An option pool is an amount of a startup’s common stock reserved for future issuances to employees, directors, advisors, and consultants. The option pool is created pursuant to a written plan in order to satisfy Rule 701 which provides a registration exemption from Section 5 the 1933 Securities Act.
Via the written plan, a startup pre-authorizes a certain amount of the company’s common stock which will be issued by the plan’s administrator (usually the startup’s board of directors or a committee selected by the board). For example, if the startup has 5,000,000 shares of common stock outstanding, it may elect to authorize 1,000,000 shares to be issued pursuant to the plan.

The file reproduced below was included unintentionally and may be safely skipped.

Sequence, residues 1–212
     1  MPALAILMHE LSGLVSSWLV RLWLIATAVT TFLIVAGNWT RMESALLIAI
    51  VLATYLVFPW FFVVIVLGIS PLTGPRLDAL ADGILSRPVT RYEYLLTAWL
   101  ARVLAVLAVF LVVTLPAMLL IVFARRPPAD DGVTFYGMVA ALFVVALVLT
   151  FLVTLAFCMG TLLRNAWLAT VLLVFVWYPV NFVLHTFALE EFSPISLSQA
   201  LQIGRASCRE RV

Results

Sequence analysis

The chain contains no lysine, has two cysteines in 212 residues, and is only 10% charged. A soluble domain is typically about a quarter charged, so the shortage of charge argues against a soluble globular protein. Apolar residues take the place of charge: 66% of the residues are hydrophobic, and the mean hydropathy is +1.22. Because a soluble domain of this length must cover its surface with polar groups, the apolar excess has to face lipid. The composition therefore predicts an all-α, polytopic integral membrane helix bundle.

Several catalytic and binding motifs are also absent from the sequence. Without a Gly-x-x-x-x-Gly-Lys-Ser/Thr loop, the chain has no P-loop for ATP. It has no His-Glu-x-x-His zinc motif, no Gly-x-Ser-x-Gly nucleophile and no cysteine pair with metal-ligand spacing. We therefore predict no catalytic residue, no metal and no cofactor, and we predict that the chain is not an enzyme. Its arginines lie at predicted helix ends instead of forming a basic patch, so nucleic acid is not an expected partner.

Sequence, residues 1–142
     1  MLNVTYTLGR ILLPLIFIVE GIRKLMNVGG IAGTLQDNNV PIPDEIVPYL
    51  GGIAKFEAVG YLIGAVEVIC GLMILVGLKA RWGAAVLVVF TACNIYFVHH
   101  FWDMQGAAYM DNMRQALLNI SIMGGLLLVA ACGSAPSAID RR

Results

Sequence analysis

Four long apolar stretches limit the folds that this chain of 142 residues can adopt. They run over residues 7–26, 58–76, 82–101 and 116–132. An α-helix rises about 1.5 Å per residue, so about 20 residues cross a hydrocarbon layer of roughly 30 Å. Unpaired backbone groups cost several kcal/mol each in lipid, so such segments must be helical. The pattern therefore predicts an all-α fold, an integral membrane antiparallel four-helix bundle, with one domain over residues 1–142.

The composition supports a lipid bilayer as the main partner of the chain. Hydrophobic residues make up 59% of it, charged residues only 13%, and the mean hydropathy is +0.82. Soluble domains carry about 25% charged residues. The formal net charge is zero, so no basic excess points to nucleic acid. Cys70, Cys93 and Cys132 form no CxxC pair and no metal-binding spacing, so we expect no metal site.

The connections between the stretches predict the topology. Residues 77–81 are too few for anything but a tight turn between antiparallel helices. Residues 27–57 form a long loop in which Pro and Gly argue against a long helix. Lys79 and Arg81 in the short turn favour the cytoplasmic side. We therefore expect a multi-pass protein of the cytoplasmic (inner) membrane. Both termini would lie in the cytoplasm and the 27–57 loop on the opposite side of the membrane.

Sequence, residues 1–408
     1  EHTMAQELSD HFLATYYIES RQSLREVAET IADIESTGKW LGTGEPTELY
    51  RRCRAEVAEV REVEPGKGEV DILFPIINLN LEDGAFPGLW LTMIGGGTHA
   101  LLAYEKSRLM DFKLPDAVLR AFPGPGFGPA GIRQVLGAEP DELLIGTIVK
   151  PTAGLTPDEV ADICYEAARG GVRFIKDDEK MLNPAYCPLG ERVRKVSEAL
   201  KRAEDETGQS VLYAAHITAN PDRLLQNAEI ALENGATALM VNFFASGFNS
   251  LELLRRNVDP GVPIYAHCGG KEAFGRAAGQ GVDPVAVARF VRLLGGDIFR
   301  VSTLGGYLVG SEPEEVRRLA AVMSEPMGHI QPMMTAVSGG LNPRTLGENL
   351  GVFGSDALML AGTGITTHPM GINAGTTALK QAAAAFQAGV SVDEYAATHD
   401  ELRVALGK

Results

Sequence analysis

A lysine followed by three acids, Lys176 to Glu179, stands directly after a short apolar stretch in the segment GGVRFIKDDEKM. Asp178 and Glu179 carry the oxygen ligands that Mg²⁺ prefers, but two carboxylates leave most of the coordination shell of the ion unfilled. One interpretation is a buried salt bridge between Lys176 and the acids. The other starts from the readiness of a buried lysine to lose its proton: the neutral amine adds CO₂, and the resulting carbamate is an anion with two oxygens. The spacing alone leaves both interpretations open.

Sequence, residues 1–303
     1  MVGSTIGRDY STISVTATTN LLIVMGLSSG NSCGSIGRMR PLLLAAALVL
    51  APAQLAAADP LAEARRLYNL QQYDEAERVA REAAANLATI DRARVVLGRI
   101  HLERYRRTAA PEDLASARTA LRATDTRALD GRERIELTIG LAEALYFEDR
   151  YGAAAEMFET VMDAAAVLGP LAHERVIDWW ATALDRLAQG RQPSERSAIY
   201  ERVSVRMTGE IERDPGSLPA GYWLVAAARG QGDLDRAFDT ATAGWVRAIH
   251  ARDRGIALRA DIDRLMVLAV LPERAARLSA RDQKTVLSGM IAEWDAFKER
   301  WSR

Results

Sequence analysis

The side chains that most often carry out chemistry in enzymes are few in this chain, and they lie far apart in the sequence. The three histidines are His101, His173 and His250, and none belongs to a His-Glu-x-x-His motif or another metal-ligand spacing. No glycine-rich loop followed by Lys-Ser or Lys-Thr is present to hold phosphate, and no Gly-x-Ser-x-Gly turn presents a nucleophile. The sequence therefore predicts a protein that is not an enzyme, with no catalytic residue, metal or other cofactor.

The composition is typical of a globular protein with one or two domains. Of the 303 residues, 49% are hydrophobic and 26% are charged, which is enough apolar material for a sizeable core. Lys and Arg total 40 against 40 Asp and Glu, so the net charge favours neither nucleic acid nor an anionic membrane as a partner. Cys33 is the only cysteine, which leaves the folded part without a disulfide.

A potentially confusing aspect of the option pool is how the option pool’s unissued portion is treated for financings relative to acquisitions. The unissued portion of the option pool is included in the fully-diluted capitalization of the startup, but the same unissued portion is not included in the outstanding share count upon an acquisition (or distribution). In other words, the entire option pool is included in a startup’s total share count at financings, but only the issued portion of the option pool is included in a startup’s total share count at acquisition.
Keep in mind that a startup’s original option pool will likely not be the last option pool the startup creates. The size of the option pool is typically negotiated at each round of financing, since at that time, the startup will likely need additional equity options to attract and motivate future hires.